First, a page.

• I use the Akto in the High Sierra where the ground is rocky and the tentable real estate sparse, perfect for free standing tents. But I still use the Akto, no seam sealing and absolutely bomb proof. It took me several nights to discover the genius of the design, when all is perfect and tight, it’s a real beauty. I pitch two ways: in the Sierra, only the outer with the foot print, for the Channel Islands and locations where rain is not a factor, only the mesh inner. I think both inner and outer together is over kill for my needs.

  8. Philip – good review there. I have not used the AKto before, but as you realise there are still many satisfied users in the UK. I have the Soulo, which is heavier, but I think it would be better in the snow see my experience of the snow loading after a foot and half two winters ago. It is also good in the wind and like the Akto it is quality workmanship.

  9. With regard to the Akto’s outer door, there is a way to roll it up without needing a clothes-pin!

    Most people roll it up from the bottom upwards then wonder why there are lots of sagging bits.

    The key to doing it, is to roll it up vertically from the side (the bit with the zip). As you roll it up, it will pivot around the top left corner. In this config all you need is the toggle on the end to hold the whole thing up!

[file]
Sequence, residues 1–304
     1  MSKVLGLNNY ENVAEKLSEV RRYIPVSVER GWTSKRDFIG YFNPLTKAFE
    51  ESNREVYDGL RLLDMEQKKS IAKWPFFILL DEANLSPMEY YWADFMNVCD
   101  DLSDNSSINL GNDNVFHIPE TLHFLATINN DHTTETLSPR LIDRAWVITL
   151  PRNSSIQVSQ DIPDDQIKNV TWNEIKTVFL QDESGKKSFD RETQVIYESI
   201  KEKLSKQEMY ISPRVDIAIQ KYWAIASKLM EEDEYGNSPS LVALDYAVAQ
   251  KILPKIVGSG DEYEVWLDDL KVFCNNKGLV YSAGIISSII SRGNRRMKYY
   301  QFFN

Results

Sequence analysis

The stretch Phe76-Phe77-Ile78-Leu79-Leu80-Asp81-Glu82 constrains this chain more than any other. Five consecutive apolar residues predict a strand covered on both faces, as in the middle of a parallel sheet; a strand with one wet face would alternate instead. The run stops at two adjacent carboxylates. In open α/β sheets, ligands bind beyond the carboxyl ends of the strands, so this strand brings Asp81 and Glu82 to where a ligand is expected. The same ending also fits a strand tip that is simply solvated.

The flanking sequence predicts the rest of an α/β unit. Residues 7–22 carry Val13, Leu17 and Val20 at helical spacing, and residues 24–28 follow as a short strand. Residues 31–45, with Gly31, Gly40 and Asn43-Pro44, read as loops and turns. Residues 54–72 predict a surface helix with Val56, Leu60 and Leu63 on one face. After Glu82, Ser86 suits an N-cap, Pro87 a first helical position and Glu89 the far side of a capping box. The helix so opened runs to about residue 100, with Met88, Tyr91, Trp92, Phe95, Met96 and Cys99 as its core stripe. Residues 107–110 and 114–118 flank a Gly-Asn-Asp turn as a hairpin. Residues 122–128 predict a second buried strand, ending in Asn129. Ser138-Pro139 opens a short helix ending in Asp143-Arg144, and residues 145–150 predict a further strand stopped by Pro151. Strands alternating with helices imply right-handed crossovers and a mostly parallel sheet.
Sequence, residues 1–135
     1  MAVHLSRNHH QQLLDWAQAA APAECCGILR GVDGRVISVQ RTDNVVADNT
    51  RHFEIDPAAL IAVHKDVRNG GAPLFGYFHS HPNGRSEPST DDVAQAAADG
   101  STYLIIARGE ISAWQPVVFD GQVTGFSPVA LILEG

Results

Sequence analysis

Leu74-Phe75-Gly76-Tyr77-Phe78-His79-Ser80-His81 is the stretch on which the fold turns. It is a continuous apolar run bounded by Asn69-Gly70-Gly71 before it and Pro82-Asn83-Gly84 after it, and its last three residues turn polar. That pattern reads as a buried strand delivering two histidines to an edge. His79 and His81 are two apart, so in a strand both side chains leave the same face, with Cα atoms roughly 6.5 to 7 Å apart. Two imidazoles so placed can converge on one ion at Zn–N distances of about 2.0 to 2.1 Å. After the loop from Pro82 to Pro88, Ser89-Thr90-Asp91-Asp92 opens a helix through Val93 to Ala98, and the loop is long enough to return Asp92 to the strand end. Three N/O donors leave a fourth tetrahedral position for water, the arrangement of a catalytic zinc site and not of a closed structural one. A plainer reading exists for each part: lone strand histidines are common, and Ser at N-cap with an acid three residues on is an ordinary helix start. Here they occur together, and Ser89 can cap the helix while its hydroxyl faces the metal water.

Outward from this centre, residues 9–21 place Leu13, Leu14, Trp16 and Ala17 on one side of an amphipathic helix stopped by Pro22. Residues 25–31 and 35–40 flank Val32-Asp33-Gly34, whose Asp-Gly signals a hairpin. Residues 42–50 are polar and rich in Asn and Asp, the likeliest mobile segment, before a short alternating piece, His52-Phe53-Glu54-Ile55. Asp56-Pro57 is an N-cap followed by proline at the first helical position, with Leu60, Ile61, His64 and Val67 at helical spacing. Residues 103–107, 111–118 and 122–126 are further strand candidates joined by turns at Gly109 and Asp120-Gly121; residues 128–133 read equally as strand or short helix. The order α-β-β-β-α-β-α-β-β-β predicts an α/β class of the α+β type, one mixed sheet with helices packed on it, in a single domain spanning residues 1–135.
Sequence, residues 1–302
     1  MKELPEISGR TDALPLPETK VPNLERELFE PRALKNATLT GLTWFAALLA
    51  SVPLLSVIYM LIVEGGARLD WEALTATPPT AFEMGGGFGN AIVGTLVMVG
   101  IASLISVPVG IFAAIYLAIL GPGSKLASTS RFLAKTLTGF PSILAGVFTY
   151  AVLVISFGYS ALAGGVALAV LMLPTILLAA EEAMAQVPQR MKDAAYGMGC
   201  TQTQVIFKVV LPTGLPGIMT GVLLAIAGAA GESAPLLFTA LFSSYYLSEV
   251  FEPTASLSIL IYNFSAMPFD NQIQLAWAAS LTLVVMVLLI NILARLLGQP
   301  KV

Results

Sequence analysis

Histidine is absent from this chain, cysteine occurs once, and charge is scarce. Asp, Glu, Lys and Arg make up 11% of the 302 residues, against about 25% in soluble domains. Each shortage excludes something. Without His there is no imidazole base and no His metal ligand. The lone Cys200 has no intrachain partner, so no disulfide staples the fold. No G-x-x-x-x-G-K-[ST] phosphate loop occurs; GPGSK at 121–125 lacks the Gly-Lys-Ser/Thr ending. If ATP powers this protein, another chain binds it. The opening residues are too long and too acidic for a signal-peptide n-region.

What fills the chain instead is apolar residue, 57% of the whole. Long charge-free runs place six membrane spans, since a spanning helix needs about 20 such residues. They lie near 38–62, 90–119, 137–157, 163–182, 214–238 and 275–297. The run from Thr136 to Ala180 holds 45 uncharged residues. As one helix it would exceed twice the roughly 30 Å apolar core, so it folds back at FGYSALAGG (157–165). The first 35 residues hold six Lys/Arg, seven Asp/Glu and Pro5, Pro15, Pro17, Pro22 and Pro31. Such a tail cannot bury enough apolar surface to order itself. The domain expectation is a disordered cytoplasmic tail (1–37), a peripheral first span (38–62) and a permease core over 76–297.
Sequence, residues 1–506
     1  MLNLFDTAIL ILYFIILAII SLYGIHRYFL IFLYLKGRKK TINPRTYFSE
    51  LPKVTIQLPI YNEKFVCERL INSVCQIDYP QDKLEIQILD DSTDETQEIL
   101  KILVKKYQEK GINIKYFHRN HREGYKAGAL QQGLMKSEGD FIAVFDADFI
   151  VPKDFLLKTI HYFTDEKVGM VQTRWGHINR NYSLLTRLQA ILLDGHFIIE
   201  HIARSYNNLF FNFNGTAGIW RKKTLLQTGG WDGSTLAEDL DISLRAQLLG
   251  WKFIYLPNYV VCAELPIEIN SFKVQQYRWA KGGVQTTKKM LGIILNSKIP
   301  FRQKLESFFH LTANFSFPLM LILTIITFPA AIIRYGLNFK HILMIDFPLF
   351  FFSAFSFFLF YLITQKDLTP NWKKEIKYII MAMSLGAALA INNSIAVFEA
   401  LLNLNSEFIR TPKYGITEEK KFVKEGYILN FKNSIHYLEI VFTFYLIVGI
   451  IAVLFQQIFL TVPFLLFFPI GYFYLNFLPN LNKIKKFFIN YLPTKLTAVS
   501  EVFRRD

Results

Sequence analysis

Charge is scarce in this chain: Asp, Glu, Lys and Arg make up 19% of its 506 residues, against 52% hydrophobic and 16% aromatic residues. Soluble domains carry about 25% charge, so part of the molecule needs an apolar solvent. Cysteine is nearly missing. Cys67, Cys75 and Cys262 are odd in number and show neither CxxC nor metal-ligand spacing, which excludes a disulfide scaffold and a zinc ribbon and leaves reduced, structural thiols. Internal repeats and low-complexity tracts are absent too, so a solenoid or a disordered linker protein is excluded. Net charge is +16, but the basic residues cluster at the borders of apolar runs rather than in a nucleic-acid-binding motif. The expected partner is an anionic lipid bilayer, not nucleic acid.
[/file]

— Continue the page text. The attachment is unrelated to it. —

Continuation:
This should have been in the manual as I can see why many people roll it from the bottom and get it wrong! :)

  10. If it rains I tend to get water running down the inside of the tent from the apex and dripping onto my inner which eventually starts to drip inside the tent, maybe this is a design fault of the Akto

  11. not yet am not sure which seam it will be coming from

  12. I Am sure the seams are so designed that it does or should not need sealant, I think some problems occur because the tents have been stored in a hot environment for some time in the shops.

  13. my voyager by terra nova is far superior to my akto never has had a problem with condensation never has had a problem with water coming into the tent

  14. I just got my Atko in. The bag is big. Any recommendations on what else to carry it in? I also heard some carry it in a separate waterproof bag for when it is damp or wet? Is it a good tent for 6-7 night trip ?

  15. I need to. Buy new poles and pegs for my alto best and cheapest place to buy

  16. I’d love to see not just an “advertisement”-style review but a comparison of the pros and cons of similar designs. When and why might I prefer the Akto to the Enan or to the (similarly priced, 2-vestibule, condensation-resistant, non-sagging, non-water-absorbing,1.5-lb, somewhat unrefined) Tarptent Notch Li etc?

    • The Tarptent Notch isn’t really comparable. The Tarptent Moment is almost an exact duplicate of the Akto. But it really boils down to whether you want a Hilleberg or not. For really windy weather, there really is nothing like a Hilleberg.